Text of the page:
The unlikely global climate leaders The Gambia and Morocco sustain a lower degree of greenhouse gas emissions compared to the worlds most developed countries, but their efforts and commitment to the target has stood out- above all their prioritisation of renewable energy. Morocco’s government created the National Energy Strategy, which aims to have 42 percent of its power generated by renewable energy by 2020, increasing this to 52 percent by 2030. The country’s solar energy comes from the Noor solar plants, one of the sunniest parts of the world, anticipated to produce enough energy to support the electricity needs of 1 million people. Similarly, The Gambia has passed laws that prioritise green energy. In 2013, the parliament passed the New Renewable Energy Law, which set aside funding for renewable infrastructure, research and development. The Gambia has also shown large scale land-use changes, particularly reforestation projects; it pledged to restore 10,000 hectares of forests, mangroves, and savannas. Financial obstacles are no secret for both these developing countries, but they have still maintained top tier investments and continue to strive for a greener future. These countries highlight how simple it is for wealthier countries to make large investments necessary to create impactful change against the current global emissions targets. Prioritising green energy goes a long way in combating the climate crisis. Whether or not both countries will be able to continue long term investment in renewable energy until 2030 is dependent upon their financial status and international co-operation. THE REST OF THE WORLD- WHAT TARGET? Another five countries are on track, but heading towards the limit of 2 degrees Celsius.

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The Paris Climate Agreement was drafted in 2015 and later signed in April 2016 by 197 countries. The aim of the agreement is to strengthen the global response to the threat of climate change by keeping a global temperature rise well below 2 degrees Celsius this century and to pursue efforts to limit the temperature increase even further to 1.5 degrees Celsius.


SEPTEMBER 2020 | ISSUE 2 These include Bhutan, Costa Rica, Ethiopia, India and the Philippines. You will be aware that most of these countries are transitioning to renewable energy too, but whether or not they can limit the temperature increase by 2030 is the big question. It is interesting to see no developed countries on this list. Could it be because their greenhouse gas emissions are too high to achieve the target? Or is the transition to renewable energy not economically viable? We've seen from our global climate leaders that investment in renewable energy is feasible, so why are some of the most advanced countries not making the green energy transition yet? India is one of the most greenhouse emitting countries, yet has still managed to stay on track. They are now a top investor in renewable energy which has been driven by strong policy changes. China, Russia, and Saudi Arabia are amongst the worst-prepared countries when it comes to climate action. Their actions are nowhere near in line with the central objective to limit warming to 1.5 degrees Celsius by the end of the century. China and Russia are deeply dependent on coal power, Russia has a significant fossil fuel sector, and Saudi Arabia is the world’s largest fossil fuel producer with an abundance of oil. Unfortunately, these countries are unwilling to make radical changes to their economic systems and most likely never achieve the Paris Climate Agreements target. The future Achieving the Paris Climate Agreement requires an immense increase in the scale of emission reductions; policymakers need to make dramatic improvements in their climate action plans and the public need to become more politically involved.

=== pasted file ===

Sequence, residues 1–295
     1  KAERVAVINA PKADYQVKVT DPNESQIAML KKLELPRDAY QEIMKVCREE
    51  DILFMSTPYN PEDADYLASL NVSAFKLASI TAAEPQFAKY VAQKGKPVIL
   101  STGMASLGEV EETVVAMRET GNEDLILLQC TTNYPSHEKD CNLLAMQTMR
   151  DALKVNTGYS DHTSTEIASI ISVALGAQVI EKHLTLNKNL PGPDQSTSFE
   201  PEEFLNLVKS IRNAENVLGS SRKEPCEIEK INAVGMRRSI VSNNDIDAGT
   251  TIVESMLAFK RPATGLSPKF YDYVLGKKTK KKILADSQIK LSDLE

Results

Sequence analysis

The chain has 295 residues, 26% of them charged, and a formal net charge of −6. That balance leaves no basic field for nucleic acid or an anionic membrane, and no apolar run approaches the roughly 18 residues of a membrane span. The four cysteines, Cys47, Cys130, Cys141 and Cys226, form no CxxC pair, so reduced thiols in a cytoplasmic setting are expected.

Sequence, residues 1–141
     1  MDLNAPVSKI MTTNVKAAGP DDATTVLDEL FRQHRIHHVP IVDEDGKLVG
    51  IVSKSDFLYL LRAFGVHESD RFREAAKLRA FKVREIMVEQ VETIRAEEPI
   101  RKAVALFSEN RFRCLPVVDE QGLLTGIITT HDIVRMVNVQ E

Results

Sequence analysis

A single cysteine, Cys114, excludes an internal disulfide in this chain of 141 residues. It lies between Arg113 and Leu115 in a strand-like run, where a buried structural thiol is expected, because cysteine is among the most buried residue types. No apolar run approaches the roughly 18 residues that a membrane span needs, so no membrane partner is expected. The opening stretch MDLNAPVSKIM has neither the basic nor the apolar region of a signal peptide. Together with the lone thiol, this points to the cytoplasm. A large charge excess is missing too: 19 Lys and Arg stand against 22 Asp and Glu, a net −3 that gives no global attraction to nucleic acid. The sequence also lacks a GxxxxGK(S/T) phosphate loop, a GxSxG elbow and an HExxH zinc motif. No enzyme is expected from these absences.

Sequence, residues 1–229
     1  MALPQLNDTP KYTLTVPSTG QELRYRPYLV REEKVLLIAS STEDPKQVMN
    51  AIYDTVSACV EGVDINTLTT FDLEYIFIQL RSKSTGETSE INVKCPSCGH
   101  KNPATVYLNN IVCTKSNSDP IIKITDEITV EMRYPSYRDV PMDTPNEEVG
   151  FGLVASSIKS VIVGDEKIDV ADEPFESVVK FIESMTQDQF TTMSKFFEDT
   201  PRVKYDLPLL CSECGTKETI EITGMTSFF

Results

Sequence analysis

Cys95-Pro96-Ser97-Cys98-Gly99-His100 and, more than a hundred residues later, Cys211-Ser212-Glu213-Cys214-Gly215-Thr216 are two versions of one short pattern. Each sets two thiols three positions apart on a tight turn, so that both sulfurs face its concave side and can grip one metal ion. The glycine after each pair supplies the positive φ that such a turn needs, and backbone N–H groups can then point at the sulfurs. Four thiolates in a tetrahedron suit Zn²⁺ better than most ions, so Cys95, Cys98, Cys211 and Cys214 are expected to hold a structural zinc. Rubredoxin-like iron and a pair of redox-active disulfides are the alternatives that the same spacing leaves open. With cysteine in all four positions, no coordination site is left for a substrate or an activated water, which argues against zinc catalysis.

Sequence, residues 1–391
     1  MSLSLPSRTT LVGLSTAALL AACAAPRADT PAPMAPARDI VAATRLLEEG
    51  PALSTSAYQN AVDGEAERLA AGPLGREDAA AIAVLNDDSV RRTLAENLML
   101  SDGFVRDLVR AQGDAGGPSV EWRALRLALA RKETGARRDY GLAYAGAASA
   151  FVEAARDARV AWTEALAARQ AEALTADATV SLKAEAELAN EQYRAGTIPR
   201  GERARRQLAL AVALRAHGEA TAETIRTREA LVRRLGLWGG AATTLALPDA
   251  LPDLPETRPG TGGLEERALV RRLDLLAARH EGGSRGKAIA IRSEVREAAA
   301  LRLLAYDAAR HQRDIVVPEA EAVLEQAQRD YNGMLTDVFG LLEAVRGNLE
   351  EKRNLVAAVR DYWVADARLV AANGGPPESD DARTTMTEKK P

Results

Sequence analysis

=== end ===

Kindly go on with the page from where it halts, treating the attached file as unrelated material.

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The bottom line is that the main carbon emitters must do more. Without full engagement from the biggest emitters, all global efforts will be completely undermined. It is anticipated that each country should present a carbon neutrality strategy for 2050 by 2020 in order to embark on decarbonisation of key sectors such as energy, transport and industry. But due to the Covid-19 pandemic, this will no doubt be delayed- as expected. The transition to carbon-neutral is challenging and needs multilateral cooperation, in the spirit of justice and solidarity.


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SUSTAINABLE SWIMWEAR BRANDS

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AS SEEN ON INSTAGRAM


SEPTEMBER 2020 | ISSUE 2